What a Team Needs for a Comeback

Swing is the rowing term for “flow"

What a Team Needs for a Comeback
John Seel
February 1, 2022
Leadership & Followership

Last month the University of Georgia football team overcame a forty-one-year drought in winning the college football national championship over their perpetual nemesis the University of Alabama. The game was a heavyweight battle to the end with Alabama leading for most of the game.

The story behind the University of Georgia quarterback Stetson Bennett IV is one that is made for Hollywood.

He grew up in Blackshear, Georgia and dreamed from a young age of being a quarterback for the Bulldogs. It seems highly unlikely as he was deemed too small and too slow. He was a walk on player for Georgia running the scout team and sharing a locker with another player.

He transferred to a junior college in Mississippi to get more playing time and was later recruited by Louisiana. Then Kirby Smart, the George coach, offered Bennett a scholarship but he was still a long shot to be given the helm of the team.

In the 2021 SEC Championship game #1 ranked Georgia was embarrassed by Alabama losing 44-24. The Alabama quarterback, Bryce Young, went on to win the 2021 Heisman Trophy.

The 2021 college championship game had the makings of an epic event with all the pressure of the Super Bowl and the heightened enthusiasm of SEC football. On his first play in the game, Bennett was sacked for a loss.

Late in the fourth quarter with Georgia winning, Bennett fumbled the ball leading to a go ahead Alabama touchdown. When Georgia came back on the field needing a touchdown to win, receiver Jermaine Burton said, “Not going to let that happen to any of us, but especially, no way we were letting that happen to Stetson.”

The game ended with Georgia winning 33-18 and Stetson winning the MVP Award.

After years of losing to his former mentor, Kirby Smart did things differently this year implementing “Skull Sessions” to help players get mentally on the same page. Georgia senior offensive lineman Jamaree Salyer commented on the significance of the Skull Session:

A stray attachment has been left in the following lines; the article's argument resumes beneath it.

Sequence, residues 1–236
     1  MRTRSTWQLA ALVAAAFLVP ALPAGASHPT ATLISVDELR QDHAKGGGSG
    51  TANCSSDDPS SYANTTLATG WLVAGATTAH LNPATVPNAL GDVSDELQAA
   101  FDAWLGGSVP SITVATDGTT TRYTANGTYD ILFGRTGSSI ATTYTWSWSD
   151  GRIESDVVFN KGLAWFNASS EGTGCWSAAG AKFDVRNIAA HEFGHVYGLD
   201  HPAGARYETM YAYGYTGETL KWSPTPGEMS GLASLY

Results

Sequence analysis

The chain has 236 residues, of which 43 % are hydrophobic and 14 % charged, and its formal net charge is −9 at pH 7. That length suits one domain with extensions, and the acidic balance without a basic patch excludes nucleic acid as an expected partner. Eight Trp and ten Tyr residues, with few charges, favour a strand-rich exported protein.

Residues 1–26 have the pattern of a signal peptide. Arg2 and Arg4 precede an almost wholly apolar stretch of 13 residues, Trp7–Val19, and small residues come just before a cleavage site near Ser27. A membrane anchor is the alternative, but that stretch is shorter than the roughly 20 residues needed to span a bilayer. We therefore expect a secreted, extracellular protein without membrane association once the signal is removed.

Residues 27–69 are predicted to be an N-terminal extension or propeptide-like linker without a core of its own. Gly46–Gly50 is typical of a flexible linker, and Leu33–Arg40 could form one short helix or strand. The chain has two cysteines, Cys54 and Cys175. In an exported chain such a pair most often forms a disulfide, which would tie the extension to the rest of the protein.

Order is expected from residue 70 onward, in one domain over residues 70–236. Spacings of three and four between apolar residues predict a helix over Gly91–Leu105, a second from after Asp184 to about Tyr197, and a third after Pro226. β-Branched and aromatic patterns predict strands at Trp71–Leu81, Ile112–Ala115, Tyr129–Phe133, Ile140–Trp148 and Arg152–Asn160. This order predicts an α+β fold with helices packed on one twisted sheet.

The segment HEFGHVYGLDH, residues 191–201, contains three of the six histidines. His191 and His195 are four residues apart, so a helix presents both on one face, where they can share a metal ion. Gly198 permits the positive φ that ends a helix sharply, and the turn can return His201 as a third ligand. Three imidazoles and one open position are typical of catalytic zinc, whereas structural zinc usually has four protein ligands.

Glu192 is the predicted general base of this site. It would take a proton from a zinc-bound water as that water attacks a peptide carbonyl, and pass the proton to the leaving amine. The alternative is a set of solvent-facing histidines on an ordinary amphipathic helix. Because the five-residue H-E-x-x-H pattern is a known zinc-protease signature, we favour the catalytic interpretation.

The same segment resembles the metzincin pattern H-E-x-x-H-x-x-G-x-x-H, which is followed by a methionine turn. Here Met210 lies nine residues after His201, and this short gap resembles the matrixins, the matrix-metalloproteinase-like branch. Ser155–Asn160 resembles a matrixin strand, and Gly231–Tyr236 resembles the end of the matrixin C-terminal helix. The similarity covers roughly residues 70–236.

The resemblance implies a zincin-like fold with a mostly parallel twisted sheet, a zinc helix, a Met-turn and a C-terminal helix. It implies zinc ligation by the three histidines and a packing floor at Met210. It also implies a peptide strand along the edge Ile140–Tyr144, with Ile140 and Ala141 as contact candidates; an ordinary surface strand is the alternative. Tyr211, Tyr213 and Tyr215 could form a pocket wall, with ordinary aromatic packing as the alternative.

“We are having these deals called ‘Skull Sessions.’ I think we’ve been doing them for the past five or six weeks for three days out of the week. So, we will have them after our lifts, and after our lifts we will split up in to two groups—you know for COVID protocols of course. We would talk about all types of stuff; what is your why, our team DNA, goal settings, all types of different aspects and we hit one different topic a week. So yeah, it has been pretty good, and it has been pretty good for us. One of my favorite ones is the why of course. If you can know a guy’s why, your teammate’s why, then you can push them to do things that you never thought they could do. It has made us a totally different team.”

I was rooting for Alabama in this game. But when I heard of these “Skull Sessions” as the game was starting, I knew that Georgia had a relational secret weapon the skilled players and national accolades would not be able to overcome.

That secret weapon was “swing.”

Swing is the rowing term for “flow,” that moment in a race when the crew’s divergent strengths achieve the synchronized harmony of high performance. Aristotle described this as “a kind of a whole that is beyond its parts.” Swing is the experience of pure teamwork realized while enduring the extremities of individual pain. It is as much about relational emotional connection as it is about synchronized technique. It is the fusion of the two.

Sure enough, late in the fourth quarter when fatigue was setting in and the game was on the line, Georgia’s swing prevailed. It was a case study in everything that the Severn Leadership Group teaches wrapped up into a three-hour national contest.

Teams are composed of people. When they share a common bond and a deep appreciation of each other’s why, the synergy of individual talent is compounded multi-fold at the point of greatest pressure.

For Georgia, swing prevailed for the win.

What a Team Needs for a Comeback

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